The take-out place is next door to the Restaurant. The Glendora location has pretty much the same set-up -- Restaurant.and take-out. The Upland location is Take-out only. On Friday and Saturday nights you will wait in line but they move people pretty good. If we go to eat inside we go on weeknights only.

                        Petrillo's Pizza Restaurant and take-out
                        750 W Rte 66 Ste A
                        Glendora, CA 91740-4163
                        (626) 335-1289

                        Petrillo's Pizza (Take-out only)
                        110 South Mountain, Suite F
                        Upland, CA
                        (909) 981-8114

                        1. re: JeetJet

                          Thank you for the info JeetJet. This sounds promising! A place to make my dad and husband happy. One more question. Have you had their minestrone?

                          1. re: Fru

                            I do not have an opinion about minestrone other than I do not like it anyplace. But I have had it at Petrillo's and thought that it was not over done with too many flavors coming at me at one tme -- not over flavored like some others.

                            One more thing, I only ordered the "spaghetti bolognese" once and found it to have way too much meat. There was enough meat for two big dinners. The flavor of that sauce was very good IMO but I could even think of eating that much food. Likewise, the lasagna makes two meals for for my wife. She always has a good lunch the next day with some of that great table bread on the side.

                      2. re: JeetJet

                        I went to Petrillo's once, and it was precisely the kind of pizza I don't like - medium-thick crust. That seems to be the prevailing method throughout SoCal...I like my crusts either thick like Chicago deep-dish or thin, Italian (Neapolitan I suppose), but not in between. I might have to try it again, specifying thin crust. What I like about CB is that it IS thin enough. And yeah, I didn't tell them to go easy on the toppings, either at Petrillo's. So, what I wound up with was heavy and soggy.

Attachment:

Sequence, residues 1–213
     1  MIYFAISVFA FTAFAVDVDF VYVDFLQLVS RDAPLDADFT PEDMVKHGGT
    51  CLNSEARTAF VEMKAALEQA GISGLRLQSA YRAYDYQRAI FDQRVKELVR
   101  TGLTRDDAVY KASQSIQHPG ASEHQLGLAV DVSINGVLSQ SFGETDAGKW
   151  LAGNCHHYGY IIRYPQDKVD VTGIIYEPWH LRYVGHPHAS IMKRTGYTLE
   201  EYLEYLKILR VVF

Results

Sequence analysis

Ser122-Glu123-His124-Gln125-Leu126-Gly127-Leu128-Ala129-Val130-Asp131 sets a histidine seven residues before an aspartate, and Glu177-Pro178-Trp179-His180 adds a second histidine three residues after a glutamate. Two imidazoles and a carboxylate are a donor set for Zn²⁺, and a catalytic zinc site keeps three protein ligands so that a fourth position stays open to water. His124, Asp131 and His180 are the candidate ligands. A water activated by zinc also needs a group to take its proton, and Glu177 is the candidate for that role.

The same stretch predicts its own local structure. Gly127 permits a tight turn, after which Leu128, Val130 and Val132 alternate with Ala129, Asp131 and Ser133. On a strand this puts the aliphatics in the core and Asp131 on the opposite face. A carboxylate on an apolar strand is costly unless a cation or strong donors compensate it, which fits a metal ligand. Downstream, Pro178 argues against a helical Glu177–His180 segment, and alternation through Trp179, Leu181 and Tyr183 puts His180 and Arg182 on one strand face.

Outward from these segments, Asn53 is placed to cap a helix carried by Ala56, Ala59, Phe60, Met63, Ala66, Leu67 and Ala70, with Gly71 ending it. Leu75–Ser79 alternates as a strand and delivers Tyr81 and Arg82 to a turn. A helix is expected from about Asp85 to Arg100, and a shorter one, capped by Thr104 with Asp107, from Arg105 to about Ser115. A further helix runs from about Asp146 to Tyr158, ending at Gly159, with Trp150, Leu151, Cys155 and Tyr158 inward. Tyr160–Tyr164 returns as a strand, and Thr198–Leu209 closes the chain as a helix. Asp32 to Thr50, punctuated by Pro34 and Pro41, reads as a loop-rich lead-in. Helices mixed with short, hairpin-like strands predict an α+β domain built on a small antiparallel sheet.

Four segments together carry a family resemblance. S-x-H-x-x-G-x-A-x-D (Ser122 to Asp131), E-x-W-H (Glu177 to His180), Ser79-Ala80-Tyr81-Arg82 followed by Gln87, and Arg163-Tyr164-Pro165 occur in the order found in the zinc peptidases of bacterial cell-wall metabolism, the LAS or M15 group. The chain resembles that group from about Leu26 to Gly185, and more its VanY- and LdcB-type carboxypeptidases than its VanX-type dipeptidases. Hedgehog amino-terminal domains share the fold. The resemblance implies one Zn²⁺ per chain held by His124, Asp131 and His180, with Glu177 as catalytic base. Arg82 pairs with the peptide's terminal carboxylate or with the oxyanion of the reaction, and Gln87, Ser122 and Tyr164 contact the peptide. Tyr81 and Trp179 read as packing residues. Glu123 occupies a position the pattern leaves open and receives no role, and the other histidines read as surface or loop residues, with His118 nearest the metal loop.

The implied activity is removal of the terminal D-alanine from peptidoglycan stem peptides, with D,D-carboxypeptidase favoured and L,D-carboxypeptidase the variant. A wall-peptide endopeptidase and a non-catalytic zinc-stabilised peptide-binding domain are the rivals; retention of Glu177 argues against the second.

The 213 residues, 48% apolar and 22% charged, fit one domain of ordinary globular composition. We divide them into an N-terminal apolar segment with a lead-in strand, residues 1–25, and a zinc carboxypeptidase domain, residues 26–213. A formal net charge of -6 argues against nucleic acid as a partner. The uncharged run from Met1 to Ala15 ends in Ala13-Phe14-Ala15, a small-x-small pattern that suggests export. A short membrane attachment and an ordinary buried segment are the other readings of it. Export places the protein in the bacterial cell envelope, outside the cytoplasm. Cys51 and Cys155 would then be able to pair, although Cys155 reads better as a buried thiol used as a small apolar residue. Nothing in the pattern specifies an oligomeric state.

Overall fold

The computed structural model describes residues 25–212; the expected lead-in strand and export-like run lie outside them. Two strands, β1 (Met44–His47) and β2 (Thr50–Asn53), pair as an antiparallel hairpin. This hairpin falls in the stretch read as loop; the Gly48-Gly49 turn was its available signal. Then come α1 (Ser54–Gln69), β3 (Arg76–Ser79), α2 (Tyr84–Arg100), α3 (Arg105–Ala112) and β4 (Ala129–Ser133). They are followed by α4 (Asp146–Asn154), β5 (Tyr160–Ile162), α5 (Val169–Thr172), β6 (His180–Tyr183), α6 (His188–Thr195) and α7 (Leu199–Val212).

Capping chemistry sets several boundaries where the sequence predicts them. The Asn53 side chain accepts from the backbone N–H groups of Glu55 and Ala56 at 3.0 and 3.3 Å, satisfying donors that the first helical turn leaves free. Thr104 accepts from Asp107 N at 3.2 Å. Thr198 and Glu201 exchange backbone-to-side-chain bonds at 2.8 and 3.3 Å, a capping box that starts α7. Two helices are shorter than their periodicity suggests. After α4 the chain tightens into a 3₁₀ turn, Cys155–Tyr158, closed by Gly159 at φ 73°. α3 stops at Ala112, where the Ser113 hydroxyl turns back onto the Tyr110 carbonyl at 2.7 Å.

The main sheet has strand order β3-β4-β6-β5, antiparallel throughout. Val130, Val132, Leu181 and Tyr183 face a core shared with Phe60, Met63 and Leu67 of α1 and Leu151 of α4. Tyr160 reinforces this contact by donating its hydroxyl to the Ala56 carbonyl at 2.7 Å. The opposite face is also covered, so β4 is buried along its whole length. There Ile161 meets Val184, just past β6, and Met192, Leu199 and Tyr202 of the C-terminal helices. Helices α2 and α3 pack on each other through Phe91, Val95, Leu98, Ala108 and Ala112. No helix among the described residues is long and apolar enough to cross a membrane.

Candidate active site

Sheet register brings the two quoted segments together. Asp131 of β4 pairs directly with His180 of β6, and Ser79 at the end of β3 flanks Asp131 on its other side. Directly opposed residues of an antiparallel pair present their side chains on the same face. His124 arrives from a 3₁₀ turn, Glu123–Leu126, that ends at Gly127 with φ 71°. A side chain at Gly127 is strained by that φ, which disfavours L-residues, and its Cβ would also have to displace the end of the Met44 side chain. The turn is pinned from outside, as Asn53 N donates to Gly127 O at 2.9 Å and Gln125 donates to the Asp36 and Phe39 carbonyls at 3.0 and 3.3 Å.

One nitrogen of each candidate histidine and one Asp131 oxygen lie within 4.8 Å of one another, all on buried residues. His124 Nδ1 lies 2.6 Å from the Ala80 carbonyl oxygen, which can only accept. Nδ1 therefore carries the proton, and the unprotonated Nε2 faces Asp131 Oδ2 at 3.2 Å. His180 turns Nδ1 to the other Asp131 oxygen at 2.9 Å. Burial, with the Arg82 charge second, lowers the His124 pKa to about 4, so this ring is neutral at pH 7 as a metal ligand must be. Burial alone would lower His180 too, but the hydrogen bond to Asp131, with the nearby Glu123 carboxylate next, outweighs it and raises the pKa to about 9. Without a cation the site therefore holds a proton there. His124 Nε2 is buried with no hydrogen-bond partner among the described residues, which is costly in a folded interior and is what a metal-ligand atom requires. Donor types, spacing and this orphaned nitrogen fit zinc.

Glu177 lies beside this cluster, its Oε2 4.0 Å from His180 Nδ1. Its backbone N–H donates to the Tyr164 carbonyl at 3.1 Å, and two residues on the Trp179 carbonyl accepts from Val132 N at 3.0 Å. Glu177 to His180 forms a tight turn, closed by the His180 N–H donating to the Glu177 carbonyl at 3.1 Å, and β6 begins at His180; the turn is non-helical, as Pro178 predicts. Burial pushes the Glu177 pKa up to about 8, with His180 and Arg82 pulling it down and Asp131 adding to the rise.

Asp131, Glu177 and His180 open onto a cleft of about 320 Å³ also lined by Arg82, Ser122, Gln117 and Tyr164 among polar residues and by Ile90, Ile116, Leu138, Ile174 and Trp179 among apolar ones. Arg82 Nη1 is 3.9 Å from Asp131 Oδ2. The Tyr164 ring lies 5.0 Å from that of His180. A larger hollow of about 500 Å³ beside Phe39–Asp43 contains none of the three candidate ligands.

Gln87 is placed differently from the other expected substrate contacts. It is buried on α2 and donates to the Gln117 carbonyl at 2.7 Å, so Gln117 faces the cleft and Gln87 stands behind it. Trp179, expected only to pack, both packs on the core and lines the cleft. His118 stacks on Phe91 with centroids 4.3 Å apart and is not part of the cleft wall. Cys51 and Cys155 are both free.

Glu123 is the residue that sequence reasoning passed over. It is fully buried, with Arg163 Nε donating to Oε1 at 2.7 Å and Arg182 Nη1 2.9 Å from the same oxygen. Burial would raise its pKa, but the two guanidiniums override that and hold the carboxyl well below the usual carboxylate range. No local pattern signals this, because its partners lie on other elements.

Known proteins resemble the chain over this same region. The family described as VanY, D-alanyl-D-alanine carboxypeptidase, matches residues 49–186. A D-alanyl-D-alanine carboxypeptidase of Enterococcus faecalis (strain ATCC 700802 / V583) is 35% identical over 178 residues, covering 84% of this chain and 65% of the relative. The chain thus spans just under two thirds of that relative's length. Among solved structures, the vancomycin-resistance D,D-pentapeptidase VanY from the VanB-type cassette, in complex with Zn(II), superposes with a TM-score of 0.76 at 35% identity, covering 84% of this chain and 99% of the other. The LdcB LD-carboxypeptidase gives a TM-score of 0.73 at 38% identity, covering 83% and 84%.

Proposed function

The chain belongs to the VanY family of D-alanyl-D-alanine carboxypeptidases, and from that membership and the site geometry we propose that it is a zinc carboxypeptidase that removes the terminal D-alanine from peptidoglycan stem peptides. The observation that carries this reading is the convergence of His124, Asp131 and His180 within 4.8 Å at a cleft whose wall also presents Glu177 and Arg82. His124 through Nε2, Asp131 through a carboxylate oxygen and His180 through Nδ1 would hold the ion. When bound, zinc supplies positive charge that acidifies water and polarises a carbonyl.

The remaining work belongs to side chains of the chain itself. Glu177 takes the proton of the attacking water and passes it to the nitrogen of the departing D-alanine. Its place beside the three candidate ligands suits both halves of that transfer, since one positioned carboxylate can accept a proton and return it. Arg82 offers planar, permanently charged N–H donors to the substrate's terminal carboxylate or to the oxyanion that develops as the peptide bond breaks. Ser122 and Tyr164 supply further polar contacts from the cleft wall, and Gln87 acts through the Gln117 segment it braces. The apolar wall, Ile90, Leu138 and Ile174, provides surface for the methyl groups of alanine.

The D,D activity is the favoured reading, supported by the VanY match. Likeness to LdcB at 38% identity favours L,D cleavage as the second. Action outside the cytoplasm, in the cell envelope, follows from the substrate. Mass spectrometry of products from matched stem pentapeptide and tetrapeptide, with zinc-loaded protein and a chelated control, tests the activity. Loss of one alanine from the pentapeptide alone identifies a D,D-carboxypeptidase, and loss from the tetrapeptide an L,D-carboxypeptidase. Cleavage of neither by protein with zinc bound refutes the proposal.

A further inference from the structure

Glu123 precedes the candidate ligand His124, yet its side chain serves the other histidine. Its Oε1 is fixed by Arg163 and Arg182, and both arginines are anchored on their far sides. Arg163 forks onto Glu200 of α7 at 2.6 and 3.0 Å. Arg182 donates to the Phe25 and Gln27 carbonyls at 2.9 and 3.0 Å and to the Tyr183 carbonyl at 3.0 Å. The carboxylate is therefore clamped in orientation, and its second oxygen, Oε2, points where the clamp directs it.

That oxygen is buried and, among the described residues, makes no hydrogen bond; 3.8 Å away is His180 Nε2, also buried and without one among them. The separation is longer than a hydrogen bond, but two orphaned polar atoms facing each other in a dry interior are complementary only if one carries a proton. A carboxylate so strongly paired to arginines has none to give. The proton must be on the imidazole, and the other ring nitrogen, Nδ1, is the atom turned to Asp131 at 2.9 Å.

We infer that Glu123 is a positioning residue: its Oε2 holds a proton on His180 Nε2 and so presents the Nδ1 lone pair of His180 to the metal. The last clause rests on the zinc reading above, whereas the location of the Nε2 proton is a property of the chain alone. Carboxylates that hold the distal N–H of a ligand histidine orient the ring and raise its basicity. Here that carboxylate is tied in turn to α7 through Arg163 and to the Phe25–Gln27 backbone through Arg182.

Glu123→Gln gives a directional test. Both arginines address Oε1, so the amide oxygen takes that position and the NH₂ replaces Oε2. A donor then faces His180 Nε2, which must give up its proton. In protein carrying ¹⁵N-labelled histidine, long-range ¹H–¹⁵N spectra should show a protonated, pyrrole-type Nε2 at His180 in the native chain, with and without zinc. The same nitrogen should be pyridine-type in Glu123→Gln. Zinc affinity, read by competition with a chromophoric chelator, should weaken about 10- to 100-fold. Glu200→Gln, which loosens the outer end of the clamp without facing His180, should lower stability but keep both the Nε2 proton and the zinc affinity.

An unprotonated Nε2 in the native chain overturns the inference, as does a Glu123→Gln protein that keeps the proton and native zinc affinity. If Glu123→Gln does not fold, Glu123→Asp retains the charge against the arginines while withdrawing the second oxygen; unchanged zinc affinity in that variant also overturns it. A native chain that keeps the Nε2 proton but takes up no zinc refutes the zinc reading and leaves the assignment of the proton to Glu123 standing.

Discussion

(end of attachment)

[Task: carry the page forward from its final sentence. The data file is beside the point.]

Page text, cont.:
I suppose it really is about knowing what and how to order, which is true at lots of places.

                        1. re: Jack Flash

                          You Can order Thin Or Extra thick crust......

                          1. re: Skunk2Racer

                            I have noticed that sign for "extra thick" crust also. IMO the regular crust at Petrillo's is already extra thick and makes for a really heavy box full of food with all that cheese and sausage on top. Their extra thick must be one crazy looking pizza. I ate the regular crust for many years but ever since I asked about the thin crust (I ask them to make it as thin as they can) I cannot eat the regular crust because it just seems too thick.

                          2. re: Jack Flash

                            Soggy is bad. Therefore I will not order any pizza toppings that have too much moisture (mushrooms, peppers, olives), or if I do I will say be easy with it. At CB you do not have to say be easy with the toppings because if you do you may not get anything on top. But my first problem with CB is that bad crust. It is like a cracker and not pizza crust at all.